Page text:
Insurance and finance: Protecting profitability while meeting customer needs is vital to these industries. Balance is critical. These businesses must make sure that they are creating the best possible offerings while limiting risk. Incoming data feeds must be collected and analyzed in near real-time to stay ahead of the market.

Biotech and pharmaceutical: Regulatory compliance has a significant impact on business processing systems in these industries. Whether in manufacturing or in product trials, data streams from different sources must be timely and accurately recorded, processed, and analyzed. Every telemetry feed must be auditable. And as these companies move into multiple points of regulatory compliance, the tracking burden and the need for efficient big data management increase.

Regardless of industry, the goal of managing a big data environment remains how to capture vast amounts of diverse data, manipulate it, and quickly use it in a manner that is aligned with business requirements.

A New Era of Analytics

While structured data can be readily analyzed using traditional data mining techniques, unstructured data cannot. Correlating massive amounts of structured and unstructured data to develop useful information requires a big data analytics engine. A variety of platforms are available to meet the specialized needs of analyzing big data.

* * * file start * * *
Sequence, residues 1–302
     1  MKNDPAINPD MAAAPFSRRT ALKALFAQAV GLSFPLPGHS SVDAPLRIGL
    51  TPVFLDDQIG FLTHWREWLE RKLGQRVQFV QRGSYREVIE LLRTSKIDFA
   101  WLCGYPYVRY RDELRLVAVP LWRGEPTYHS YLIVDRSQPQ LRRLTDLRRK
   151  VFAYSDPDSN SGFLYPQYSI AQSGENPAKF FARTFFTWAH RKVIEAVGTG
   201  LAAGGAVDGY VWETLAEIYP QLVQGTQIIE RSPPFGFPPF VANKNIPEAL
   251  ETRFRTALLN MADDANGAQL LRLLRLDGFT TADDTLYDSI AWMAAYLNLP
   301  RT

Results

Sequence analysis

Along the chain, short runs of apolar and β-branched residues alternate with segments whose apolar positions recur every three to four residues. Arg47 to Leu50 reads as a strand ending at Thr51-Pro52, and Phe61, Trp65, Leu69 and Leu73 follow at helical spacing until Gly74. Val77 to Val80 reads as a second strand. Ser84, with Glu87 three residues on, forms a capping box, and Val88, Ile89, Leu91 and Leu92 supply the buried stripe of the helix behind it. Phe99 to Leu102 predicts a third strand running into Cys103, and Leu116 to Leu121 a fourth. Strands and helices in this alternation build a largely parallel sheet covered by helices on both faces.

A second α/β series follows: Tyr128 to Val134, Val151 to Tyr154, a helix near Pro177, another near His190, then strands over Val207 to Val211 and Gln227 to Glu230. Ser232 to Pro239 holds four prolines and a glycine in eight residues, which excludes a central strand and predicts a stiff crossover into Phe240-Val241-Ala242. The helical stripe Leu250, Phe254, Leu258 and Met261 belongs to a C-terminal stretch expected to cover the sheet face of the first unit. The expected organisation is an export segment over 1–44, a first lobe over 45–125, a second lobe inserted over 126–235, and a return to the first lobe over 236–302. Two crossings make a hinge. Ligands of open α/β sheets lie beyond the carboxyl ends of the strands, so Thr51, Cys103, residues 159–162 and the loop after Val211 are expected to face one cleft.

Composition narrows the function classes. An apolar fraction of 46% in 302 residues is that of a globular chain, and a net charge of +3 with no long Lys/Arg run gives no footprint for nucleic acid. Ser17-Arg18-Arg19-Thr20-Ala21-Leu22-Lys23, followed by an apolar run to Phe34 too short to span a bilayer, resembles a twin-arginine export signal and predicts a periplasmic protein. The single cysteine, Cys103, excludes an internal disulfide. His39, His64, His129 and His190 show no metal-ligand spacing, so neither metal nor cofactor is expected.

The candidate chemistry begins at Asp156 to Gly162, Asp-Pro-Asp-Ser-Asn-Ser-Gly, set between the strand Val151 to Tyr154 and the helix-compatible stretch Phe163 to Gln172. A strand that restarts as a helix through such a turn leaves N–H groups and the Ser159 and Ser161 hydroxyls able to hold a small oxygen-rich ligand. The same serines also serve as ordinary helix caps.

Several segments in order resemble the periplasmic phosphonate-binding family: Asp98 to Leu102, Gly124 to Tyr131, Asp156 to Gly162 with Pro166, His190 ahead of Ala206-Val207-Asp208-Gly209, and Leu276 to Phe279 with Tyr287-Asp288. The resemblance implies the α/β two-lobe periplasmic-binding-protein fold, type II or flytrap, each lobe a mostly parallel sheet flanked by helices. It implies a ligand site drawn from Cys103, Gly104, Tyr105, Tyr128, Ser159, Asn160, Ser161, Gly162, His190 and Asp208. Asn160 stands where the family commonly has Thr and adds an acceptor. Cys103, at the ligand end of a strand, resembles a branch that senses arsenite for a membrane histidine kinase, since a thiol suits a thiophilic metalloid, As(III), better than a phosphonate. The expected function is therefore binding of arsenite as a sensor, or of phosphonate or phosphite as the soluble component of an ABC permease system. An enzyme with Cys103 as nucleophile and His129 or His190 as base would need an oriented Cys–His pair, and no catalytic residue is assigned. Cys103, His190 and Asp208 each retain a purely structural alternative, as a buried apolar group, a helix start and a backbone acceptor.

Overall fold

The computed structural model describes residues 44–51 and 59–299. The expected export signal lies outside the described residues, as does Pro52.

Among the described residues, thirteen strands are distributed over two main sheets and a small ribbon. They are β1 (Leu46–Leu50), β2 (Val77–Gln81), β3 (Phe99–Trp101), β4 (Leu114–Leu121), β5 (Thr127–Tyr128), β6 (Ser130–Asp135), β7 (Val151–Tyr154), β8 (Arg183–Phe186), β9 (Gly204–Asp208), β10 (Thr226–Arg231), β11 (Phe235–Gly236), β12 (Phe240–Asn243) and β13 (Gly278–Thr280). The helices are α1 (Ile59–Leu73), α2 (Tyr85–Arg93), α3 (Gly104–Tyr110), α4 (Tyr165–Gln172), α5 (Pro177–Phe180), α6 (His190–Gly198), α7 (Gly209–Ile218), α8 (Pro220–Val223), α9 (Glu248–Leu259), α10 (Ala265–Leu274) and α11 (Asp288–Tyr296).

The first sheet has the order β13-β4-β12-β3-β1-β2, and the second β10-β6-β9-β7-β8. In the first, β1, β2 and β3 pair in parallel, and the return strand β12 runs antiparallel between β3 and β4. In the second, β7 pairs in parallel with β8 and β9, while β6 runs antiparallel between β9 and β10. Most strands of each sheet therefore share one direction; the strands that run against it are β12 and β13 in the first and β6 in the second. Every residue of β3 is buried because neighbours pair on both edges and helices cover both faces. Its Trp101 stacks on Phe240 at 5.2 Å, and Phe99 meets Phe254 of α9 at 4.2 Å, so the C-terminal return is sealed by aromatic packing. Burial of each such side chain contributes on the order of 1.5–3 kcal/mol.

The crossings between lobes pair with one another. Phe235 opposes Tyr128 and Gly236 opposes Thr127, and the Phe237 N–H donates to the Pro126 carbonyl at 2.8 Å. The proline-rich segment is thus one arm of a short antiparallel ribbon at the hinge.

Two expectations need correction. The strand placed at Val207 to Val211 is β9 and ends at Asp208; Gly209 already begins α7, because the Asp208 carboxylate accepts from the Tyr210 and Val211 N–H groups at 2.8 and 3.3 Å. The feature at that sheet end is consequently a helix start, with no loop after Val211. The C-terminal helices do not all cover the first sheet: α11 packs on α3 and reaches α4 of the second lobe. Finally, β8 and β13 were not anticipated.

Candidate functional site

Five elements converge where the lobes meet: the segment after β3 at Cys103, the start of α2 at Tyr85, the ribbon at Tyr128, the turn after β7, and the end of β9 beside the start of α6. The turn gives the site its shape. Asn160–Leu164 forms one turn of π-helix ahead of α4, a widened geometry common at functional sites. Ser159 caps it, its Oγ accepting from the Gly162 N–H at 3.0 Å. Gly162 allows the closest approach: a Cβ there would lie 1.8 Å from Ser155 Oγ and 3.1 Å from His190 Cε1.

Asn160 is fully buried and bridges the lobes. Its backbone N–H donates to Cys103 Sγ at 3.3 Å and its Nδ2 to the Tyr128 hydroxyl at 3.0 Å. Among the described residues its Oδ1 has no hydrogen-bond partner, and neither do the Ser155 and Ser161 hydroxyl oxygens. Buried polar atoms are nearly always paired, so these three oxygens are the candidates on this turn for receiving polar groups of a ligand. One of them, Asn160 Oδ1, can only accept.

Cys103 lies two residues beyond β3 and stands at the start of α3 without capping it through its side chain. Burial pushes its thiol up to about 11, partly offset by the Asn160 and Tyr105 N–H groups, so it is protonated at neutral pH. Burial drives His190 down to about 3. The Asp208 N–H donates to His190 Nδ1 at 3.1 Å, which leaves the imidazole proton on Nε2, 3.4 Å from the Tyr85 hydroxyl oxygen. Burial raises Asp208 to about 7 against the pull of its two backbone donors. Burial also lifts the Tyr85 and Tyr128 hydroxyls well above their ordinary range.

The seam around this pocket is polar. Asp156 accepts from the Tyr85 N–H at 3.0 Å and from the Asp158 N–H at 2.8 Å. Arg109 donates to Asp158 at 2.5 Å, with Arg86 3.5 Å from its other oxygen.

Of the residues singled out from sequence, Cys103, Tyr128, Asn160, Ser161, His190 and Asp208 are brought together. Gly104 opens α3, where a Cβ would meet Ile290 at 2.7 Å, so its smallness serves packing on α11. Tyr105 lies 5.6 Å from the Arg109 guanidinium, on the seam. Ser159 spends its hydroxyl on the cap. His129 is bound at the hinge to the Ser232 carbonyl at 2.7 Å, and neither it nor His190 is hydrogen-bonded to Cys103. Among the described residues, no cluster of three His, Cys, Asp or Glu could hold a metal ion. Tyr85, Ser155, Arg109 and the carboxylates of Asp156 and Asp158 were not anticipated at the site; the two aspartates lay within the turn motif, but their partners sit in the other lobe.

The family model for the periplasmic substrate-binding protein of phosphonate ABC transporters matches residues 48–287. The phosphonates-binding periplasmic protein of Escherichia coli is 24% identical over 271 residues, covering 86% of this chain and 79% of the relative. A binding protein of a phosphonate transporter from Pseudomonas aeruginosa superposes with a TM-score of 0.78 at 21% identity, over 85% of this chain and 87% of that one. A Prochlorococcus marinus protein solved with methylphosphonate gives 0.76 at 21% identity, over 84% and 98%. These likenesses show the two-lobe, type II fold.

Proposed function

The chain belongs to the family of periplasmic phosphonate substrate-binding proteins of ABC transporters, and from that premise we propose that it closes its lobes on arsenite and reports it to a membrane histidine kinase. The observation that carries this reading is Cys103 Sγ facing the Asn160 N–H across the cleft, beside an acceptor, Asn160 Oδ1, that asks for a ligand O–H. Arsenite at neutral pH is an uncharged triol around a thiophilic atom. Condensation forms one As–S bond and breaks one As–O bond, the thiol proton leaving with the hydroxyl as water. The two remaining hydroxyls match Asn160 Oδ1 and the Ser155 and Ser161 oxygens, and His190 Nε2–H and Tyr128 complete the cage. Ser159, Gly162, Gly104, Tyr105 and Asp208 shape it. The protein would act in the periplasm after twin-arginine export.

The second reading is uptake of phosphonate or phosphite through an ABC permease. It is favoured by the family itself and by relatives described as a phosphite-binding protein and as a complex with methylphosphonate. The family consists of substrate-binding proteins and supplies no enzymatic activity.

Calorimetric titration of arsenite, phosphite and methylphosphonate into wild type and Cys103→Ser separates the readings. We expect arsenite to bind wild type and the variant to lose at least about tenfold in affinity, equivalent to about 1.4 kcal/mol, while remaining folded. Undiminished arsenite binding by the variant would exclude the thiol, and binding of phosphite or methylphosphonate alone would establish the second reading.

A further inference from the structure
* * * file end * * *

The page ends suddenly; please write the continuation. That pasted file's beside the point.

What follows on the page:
Big data solutions range from enterprise-level commercial offers to free, open-source solutions. Some handle only structured data, such as SQL databases and data warehouses, while others are compatible with unstructured data as well.

As an open-source tool with the ability to manage unstructured data, Hadoop is a popular platform for managing big data. Hadoop has several building blocks. These include top-level abstractions such as loading data into or extracting it out of the Hadoop environment, processing data into different datasets, and a file structure that allows data to be quickly retrieved and analyzed in real time.

While solutions such as Hadoop provide many advantages, one of the common pitfalls is a lack of integration with existing data warehouse technology. Hadoop, for example, is a standalone environment in which data is manually entered and reports are manually extracted. It was not designed to be an automated environment for the enterprise, and is not integrated with the broader business processing environments. As a result, there is no mechanism for monitoring and controlling the flow of data between enterprise resource planning (ERP) applications and Hadoop environments. Without proper workload management, any part of the infrastructure can be easily overloaded, reducing performance and reliability.